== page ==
The city’s best drag is at Berlin (1-773-348-4975, berlinchicag­o.com), where Drag Matinee is held every Saturday at 10:30 p.m. Some queens come out in big wigs and sequined gowns, others in punk or metal attire. “We close the curtains at the bar, so we can’t see outside,” said T Rex, who emcees. “You come here, and you forget about your day. We don’t talk politics. We don’t talk much about the outside world. You just come see some of the most fierce performers currently working.”

The best venue for house music is Smartbar (1-773-549-4140, smartbarchicago.com). “It always seesaws on the fulcrum of a good party,” said Joe Shanahan, who opened the club, which is not itself a gay bar, in 1982. Attendees as well as musicians make the atmosphere: “The people who support Smartbar are the ones who somewhat dictate that style. We know what works by the reception we receive.” Queen! — a party held every Sunday night while the 9-to-5 gays sleep — is a playground for artists and service workers.

By day

Chicago is best when you’re at the lakefront, especially on hot days. The LGBT beach is Hollywood Beach, aka Osterman Beach, at the northern terminus of Lakeshore Drive. Between the Speedos, sunscreen and eventually-warm-enough-to-swim-in Lake Michigan, it’s a small slice of heaven.

Paradise also manifests at cash-only Big Chicks (1-773-728-5511, bigchicks.com), where guests are served free hamburgers and hot dogs (puns abound) on Sundays. Before 3 p.m. daily, the storefront hosts Tweet (1-773-728-5576, tweet.biz), serving classic American brunch. Complimentary coffee cake awaits at your table; the jumbo bloody Marys don’t (immediately) hurt.

Big Chicks’ art collection is museum-quality: images of women on the bar side, landscapes in the restaurant. “It’s a unique vision that isn’t homogenized, franchised or dumbed down in any way,” said owner Michelle Fire. Walk through the terra cotta art deco facade and into her space. “It makes you feel like you’re stepping into a jewel box.”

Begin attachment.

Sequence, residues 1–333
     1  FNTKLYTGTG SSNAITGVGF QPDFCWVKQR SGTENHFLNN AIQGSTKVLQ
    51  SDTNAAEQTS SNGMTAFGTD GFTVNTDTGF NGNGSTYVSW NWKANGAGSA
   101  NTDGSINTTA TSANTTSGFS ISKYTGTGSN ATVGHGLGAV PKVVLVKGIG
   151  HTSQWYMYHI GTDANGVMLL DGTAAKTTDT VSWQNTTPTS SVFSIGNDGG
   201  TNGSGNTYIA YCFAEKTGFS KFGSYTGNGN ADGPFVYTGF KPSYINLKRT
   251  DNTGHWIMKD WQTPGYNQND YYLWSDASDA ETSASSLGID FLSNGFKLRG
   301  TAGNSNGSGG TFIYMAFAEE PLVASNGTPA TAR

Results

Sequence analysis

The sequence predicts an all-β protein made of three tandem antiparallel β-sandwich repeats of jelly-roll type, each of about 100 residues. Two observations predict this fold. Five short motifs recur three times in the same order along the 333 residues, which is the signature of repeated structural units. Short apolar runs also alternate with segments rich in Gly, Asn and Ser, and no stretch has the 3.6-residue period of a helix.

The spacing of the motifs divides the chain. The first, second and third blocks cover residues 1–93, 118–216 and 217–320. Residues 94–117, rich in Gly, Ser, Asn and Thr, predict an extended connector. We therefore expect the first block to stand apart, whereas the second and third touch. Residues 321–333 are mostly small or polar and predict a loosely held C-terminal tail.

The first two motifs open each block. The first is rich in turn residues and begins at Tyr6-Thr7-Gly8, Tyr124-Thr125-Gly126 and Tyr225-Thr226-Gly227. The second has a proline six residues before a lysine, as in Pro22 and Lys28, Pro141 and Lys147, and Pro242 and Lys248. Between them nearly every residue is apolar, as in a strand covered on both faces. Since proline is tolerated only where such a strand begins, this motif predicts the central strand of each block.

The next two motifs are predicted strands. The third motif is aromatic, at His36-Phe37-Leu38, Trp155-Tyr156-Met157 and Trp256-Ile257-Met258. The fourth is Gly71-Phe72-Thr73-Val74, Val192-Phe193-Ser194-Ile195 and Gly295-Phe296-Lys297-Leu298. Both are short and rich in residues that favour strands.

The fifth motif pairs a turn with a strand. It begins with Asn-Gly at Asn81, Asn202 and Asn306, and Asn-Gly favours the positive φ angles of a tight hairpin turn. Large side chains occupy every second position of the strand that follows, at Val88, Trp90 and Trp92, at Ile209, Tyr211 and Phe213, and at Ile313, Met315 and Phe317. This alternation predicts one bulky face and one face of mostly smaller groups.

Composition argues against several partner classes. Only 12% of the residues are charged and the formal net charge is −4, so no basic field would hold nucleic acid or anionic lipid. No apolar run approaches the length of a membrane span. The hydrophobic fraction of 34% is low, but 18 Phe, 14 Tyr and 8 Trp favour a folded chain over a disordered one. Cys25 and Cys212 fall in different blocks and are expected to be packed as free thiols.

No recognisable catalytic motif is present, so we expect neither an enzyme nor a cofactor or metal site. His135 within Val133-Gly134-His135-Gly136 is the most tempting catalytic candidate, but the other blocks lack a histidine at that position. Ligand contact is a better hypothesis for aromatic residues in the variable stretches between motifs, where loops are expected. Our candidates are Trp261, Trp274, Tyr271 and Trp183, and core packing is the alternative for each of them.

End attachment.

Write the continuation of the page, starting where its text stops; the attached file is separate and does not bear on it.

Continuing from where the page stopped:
Festivals

Pride is held over the last weekend in June. Over a million have attended the Chicago Pride Parade in recent years — and this year, coinciding with a worldwide backlash against hard-won LGBT rights on the 50th anniversary of Stonewall, it feels as necessary as ever (chicagopridecalendar.org).

On a lighter note, the highly recommended Pride Parade After-Party at the Annoyance Theatre in the Lake­view neighborhood (1-773-697-9693, ­theannoyance.com) is a deeply odd yet chill affair with amazing installation art and drag performers in high-concept looks. It’s best if you come wearing something self-expressive.

Pride is not limited to the north lakefront. This year’s Dyke March will be in the predominantly Latino Little Village, beginning at 1:30 p.m. Saturday. TRQPITECA Queer Pride, free with a lineup of amazing DJs, is scheduled for June 30 at Chinatown’s riverside Ping Tom Memorial Park from 3 p.m., preceded by a family barbecue at 11. And the inaugural South Side Pride Festival has music, film screenings and a beach picnic planned.

International Mr. Leather is held every Memorial Day weekend in the Loop, offering unrestrained bacchanalia.

Boystown’s Northalsted Market Days (northalsted.com/marketdays) is scheduled for the weekend of Aug. 10. It functions like a second Pride, but with fewer straight people.

Aaron Gettinger lives and works on the South Side of Chicago.